By Arsalan Altaf
ISLAMABAD: The EU Election Observation Mission (EUEOM) said that despite the positive legal changes, women, minorities and other marginalised groups remain under-represented in the electoral process in the country.
The mission acknowledged that women generally came out to vote on July 25. However, it observed that women in some constituencies were either barred from polling or had low participation.
According the preliminary report by the EUEOM, there were more women candidates this time due to the five per cent mandatory quota but the female voters were under-represented.
Women were reportedly restricted from voting in at least eight constituencies in Khyber Pakhtunkhwa (K-P) and Punjab. However, the statutory ten per cent threshold for women in some constituencies was not reached.
“We were pleased that so many women came out and voted in the polling stations that we observed, although, we are concerned that this was not the case everywhere in the country … After all, five per cent quota for women candidates is just a starting point and more in winnable seats would be welcomed,” said Ms Jean Lambert, who headed the EU Parliament’s election observation delegation to Pakistan.
EUEOM observed that several candidates reported very serious allegations of physical harassment and verbal abuse during the campaign period.
“Female candidates were to a large degree invisible in the media. Neither political parties nor media, including the state-run, explicitly encouraged the equality of women’s participation in public and political life,” the report said.
However, the observers acknowledged that the gap between the male and the female electorate has been slightly reduced with women making up 44 per cent of the 105,955,407 electorate.
In erstwhile Federally Administered Tribal Area (FATA), the registration of women increased by 66 per cent from 2013.
Apart from women, minorities, persons with disabilities and transgender are also still largely hampered from participating in the electoral process, the mission said.
The mission said that the registration of non-Muslim voters rose by 30 per cent to 3.63 million from 2.7 million in 2013.
However, it observed that the allocation of seats did not prompt effective representation if their elected representatives are not linked to their constituencies.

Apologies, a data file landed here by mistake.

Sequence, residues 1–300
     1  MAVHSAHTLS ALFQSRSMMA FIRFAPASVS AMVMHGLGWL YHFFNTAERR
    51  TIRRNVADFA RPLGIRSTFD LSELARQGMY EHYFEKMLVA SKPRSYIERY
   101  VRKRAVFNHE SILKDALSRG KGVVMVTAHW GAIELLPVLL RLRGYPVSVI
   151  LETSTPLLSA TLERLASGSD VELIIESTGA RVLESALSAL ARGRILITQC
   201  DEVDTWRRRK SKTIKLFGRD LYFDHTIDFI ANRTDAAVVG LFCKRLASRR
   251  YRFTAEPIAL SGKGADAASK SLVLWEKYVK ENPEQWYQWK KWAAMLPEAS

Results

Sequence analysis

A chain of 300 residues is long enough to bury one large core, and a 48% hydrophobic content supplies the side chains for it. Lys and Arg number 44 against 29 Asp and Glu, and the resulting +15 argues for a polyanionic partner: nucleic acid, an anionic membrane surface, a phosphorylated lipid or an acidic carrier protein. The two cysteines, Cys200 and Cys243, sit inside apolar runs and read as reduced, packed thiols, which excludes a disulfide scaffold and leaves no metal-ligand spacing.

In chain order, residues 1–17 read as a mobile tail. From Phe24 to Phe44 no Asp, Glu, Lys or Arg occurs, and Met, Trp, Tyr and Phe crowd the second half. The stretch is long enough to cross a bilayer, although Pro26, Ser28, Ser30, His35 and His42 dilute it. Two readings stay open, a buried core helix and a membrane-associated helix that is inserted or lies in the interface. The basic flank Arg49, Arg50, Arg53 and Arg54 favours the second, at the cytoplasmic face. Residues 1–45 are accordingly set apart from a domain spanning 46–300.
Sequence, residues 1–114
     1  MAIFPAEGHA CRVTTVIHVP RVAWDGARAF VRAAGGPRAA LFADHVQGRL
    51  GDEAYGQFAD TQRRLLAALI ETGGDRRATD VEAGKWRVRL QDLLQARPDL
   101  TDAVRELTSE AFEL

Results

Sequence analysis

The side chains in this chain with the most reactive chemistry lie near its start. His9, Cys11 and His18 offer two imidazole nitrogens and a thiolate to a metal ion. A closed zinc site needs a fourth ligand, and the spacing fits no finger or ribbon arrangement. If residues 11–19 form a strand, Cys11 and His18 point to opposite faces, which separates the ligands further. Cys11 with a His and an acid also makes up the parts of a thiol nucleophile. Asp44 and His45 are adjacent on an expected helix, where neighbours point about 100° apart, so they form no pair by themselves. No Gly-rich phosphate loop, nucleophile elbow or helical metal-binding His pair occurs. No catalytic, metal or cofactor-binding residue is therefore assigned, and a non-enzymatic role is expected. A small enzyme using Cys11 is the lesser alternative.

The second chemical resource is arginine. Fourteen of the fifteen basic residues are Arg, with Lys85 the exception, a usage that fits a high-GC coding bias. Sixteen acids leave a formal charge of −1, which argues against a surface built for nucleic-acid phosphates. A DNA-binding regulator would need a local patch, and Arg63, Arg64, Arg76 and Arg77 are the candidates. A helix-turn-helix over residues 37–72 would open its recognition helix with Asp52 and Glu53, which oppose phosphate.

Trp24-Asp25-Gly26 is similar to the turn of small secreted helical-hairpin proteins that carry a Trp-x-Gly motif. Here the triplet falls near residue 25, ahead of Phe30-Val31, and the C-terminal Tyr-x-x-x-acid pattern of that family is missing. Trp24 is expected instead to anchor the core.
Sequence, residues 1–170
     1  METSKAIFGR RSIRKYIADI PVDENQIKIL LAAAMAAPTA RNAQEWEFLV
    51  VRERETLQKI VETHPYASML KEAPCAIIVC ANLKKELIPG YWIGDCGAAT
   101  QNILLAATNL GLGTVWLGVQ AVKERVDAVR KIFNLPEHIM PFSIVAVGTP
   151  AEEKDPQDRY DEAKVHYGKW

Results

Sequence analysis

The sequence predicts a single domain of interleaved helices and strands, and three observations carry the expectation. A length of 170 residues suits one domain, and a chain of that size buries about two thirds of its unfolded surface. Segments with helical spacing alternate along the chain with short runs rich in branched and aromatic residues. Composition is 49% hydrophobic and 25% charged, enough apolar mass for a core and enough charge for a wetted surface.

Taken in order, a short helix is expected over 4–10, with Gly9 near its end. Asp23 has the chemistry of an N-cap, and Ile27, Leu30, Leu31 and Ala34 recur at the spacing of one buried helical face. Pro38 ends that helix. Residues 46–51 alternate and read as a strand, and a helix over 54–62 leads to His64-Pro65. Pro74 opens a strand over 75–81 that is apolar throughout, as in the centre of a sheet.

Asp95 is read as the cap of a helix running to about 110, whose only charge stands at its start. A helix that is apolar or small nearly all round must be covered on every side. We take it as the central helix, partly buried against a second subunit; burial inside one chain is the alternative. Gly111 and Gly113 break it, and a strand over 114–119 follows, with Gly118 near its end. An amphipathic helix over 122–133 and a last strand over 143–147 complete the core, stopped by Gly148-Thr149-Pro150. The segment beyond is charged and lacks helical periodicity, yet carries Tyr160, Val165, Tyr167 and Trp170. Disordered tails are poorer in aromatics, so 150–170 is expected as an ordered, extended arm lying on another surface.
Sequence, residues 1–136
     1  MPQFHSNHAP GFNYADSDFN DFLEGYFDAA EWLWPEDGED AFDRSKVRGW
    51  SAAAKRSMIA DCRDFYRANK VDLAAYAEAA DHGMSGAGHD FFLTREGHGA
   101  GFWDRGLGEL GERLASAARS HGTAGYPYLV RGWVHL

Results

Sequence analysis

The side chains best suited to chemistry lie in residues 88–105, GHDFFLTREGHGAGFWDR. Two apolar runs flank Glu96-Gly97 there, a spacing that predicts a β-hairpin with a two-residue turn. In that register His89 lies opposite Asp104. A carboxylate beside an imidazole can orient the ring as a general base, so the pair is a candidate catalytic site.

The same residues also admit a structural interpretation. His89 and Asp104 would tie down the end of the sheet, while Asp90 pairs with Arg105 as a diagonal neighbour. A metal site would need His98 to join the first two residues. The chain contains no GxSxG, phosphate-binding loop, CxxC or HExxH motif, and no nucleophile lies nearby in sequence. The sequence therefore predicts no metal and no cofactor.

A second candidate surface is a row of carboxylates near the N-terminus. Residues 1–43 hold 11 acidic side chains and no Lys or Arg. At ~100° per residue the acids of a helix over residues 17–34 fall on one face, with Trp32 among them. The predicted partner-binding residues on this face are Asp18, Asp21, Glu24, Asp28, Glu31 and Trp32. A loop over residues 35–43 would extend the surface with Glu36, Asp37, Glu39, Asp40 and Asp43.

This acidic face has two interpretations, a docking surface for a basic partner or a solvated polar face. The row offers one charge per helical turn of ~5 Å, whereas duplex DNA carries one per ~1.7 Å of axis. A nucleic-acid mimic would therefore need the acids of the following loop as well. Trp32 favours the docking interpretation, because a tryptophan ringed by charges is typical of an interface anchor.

Similarly, it noted that Ahmedis are still registered on a separate electoral roll, which it said was a ‘clear disenfranchisement’ of 167,500 Ahmadi voters.
“Pakistan is yet to fulfil its international obligations regarding equality of electoral rights to all minority citizens.”
The people with disabilities are also largely hampered from participation in the electoral process.
There are 3.3 million people with disabilities in the country but 165,927 are registered as voters. There were also three candidates with disability in the election.
“There are lengthy CNIC registration procedures, inadequate access to postal voting and difficulties in accessing polling stations,” the report said, adding voter material in Braille was tested in 300 polling stations.
“We wish to commend in particular the commitment of the voters to cast their ballots, particularly those with disabilities who displayed great courage to make sure they could participate, often in places where access to the polling station was very difficult,” said Lambert, who visited several polling stations in Islamabad, Rawalpindi and Jhelum on July 25.
“Although, we did note that ramps had been installed in some polling stations, we urge those concerned to continue to work on improving access.” It observed that international standards related to persons with disabilities are not yet enshrined in the domestic law.
The mission said transgender people also faced social stigma and financial constraints to their full participation in the election.
“Only four transgender candidates competed in the elections and faced fierce competition, as well as serious harassment,” the report said.
Courtesy The Express Tribune